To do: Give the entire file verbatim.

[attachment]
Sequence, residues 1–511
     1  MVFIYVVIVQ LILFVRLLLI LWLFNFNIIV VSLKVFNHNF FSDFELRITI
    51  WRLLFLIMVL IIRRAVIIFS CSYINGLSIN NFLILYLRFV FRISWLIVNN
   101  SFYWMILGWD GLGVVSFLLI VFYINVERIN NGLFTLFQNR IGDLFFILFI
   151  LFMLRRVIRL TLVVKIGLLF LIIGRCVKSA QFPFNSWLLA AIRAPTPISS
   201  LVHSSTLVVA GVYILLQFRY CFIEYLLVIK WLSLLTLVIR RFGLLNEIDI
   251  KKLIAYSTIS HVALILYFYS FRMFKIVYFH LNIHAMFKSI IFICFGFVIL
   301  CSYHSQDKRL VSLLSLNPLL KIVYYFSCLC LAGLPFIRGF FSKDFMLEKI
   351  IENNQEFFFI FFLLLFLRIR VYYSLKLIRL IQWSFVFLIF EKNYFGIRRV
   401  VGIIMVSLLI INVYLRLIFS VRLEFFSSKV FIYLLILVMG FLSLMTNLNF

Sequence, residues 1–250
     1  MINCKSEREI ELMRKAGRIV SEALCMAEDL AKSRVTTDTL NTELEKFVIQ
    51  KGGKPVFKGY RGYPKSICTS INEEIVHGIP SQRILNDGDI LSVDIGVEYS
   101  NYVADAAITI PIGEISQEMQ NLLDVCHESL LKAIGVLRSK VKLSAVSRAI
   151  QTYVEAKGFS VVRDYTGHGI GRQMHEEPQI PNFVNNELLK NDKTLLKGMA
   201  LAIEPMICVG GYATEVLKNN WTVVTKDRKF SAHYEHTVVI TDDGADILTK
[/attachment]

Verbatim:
Sequence, residues 1–511
     1  MVFIYVVIVQ LILFVRLLLI LWLFNFNIIV VSLKVFNHNF FSDFELRITI
    51  WRLLFLIMVL IIRRAVIIFS CSYINGLSIN NFLILYLRFV FRISWLIVNN
   101  SFYWMILGWD GLGVVSFLLI VFYINVERIN NGLFTLFQNR IGDLFFILFI
   151  LFMLRRVIRL TLVVKIGLLF LIIGRCVKSA QFPFNSWLLA AIRAPTPISS
   201  LVHSSTLVVA GVYILLQFRY CFIEYLLVIK WLSLLTLVIR RFGLLNEIDI
   251  KKLIAYSTIS HVALILYFYS FRMFKIVYFH LNIHAMFKSI IFICFGFVIL
   301  CSYHSQDKRL VSLLSLNPLL KIVYYFSCLC LAGLPFIRGF FSKDFMLEKI
   351  IENNQEFFFI FFLLLFLRIR VYYSLKLIRL IQWSFVFLIF EKNYFGIRRV
   401  VGIIMVSLLI INVYLRLIFS VRLEFFSSKV FIYLLILVMG FLSLMTNLNF

Sequence, residues 1–250
     1  MINCKSEREI ELMRKAGRIV SEALCMAEDL AKSRVTTDTL NTELEKFVIQ
    51  KGGKPVFKGY RGYPKSICTS INEEIVHGIP SQRILNDGDI LSVDIGVEYS
   101  NYVADAAITI PIGEISQEMQ NLLDVCHESL LKAIGVLRSK VKLSAVSRAI
   151  QTYVEAKGFS VVRDYTGHGI GRQMHEEPQI PNFVNNELLK NDKTLLKGMA
   201  LAIEPMICVG GYATEVLKNN WTVVTKDRKF SAHYEHTVVI TDDGADILTK